Sunday, January 5, 2014

The Final Push

Far be it from me to argue with one of the greatest historical minds of the 20th century, but we essentially have an executive that serves a six year term, even if we get two extra bonus lame duck years for our efforts. So it has been with most other presidents, and so it probably shall be with Barack Obama. This is his sixth year; if it doesn't happen this year, chances are that none of his high priority agenda items will become law in 2015 or 2016.

That's why 2014 represents the final push for immigration, tax reform, a higher minimum wage, climate policy and every other item on the left-wing wish list. But this is not necessarily a bad thing. History has taught us that the first push rarely results in success when it comes to big change. Look how long it took to get healthcare reform. Sometimes the push is necessary if for no other reason than to get an idea in the public's mind and to prepare them, or to follow their lead, when it comes to legislation.

Like marriage equality, which coalesced into a major civil rights issue in a short amount of time, the push for rights for all people goes as far back as Stonewall in 1969 and the Supreme Court's ruling for and then reversal on, anti-sodomy laws in 1986 and 2003. Progressives have been highlighting income inequality and the rising gap between wealthy and not for decades. Now that cry is becoming a major force in calling for a higher, livable minimum wage that just could pass this year. After all, most people, even Republicans, support it.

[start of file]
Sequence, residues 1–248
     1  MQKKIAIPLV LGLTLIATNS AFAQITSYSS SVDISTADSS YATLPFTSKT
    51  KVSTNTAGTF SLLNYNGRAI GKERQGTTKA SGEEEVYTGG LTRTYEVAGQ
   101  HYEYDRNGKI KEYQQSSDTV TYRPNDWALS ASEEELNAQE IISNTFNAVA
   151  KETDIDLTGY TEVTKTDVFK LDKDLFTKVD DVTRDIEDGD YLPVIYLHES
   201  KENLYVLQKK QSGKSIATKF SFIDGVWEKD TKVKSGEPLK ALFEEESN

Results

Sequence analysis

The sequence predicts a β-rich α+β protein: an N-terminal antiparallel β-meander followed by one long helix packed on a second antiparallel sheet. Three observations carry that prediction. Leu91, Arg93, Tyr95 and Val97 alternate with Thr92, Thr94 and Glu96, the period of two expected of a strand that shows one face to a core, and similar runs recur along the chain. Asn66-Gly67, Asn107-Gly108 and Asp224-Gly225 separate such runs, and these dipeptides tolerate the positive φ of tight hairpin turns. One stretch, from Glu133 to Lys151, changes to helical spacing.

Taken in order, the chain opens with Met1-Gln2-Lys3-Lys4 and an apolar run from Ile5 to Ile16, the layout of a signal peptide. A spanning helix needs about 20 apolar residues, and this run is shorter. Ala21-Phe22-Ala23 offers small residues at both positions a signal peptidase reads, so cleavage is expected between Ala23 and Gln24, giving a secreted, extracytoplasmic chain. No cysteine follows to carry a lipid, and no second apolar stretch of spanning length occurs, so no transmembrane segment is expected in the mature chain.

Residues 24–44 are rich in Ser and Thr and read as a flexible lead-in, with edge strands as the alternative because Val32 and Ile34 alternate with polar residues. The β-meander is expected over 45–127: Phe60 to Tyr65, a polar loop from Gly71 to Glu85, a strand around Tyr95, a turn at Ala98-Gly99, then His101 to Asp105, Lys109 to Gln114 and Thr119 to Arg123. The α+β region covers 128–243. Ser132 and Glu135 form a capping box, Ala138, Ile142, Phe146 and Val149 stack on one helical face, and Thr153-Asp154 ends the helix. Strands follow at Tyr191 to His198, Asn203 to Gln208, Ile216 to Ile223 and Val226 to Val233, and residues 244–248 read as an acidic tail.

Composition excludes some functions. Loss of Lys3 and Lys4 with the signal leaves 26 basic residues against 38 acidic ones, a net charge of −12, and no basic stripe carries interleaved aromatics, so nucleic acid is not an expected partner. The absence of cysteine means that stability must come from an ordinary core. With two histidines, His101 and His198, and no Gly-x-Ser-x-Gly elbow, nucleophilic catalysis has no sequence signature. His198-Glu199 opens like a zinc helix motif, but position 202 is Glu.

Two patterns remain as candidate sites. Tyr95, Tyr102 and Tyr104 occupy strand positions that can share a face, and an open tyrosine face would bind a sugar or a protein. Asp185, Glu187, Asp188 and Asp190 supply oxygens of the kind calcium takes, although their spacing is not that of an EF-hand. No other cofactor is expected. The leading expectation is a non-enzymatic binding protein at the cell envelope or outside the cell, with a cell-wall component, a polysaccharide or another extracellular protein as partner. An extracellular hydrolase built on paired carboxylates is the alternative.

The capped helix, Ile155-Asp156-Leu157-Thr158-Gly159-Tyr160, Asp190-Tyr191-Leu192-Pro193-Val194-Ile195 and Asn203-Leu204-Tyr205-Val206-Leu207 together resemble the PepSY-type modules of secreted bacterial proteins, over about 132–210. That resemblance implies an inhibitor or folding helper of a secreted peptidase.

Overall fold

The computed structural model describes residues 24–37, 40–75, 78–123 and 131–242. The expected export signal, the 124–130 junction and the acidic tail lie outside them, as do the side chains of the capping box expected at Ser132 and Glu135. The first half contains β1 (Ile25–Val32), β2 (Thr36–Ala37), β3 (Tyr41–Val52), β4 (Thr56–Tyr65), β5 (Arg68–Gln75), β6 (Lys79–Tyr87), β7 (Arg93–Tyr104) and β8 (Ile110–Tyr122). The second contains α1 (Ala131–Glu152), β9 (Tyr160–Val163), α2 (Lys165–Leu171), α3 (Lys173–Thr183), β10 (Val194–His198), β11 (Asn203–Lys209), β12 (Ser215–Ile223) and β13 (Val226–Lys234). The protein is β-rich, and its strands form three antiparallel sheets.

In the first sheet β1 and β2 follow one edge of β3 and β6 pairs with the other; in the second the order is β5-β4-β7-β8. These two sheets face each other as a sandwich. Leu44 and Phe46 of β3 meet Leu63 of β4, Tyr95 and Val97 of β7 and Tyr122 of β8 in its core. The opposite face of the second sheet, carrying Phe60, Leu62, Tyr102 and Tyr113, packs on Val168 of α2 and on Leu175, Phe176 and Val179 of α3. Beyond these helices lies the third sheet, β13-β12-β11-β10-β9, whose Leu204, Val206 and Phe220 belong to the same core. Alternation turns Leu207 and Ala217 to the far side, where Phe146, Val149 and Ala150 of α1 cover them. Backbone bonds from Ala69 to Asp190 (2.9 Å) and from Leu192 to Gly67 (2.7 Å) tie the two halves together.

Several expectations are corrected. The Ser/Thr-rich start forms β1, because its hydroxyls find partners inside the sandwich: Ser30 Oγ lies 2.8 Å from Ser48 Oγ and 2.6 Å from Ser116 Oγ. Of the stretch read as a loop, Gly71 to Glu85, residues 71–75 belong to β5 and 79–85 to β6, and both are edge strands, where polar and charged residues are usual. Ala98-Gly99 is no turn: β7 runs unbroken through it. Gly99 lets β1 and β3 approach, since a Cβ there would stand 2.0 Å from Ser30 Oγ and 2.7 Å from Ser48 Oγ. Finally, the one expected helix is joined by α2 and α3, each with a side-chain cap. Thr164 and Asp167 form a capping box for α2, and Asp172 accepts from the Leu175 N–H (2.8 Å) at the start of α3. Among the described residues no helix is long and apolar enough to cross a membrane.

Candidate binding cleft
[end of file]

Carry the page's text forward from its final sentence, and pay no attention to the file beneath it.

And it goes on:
The same will most likely be true of climate legislation, immigration, privacy and energy. More and more younger people realize that their world is changing and that the United States either has to catch up to other countries who are already addressing the problems or fall behind to our economic and social detriment. The far right is beginning lose its grip on the Republican Party, and while I don't see a more moderate wing surging anytime soon, I do see a less strident GOP in our future. That's good news.

This year will see one or two major pieces of legislation, with the rest of Obama's agenda left to the next Democratic president and a more willing population. I think we are moving in the right direction, but like anything done well, this will take time.

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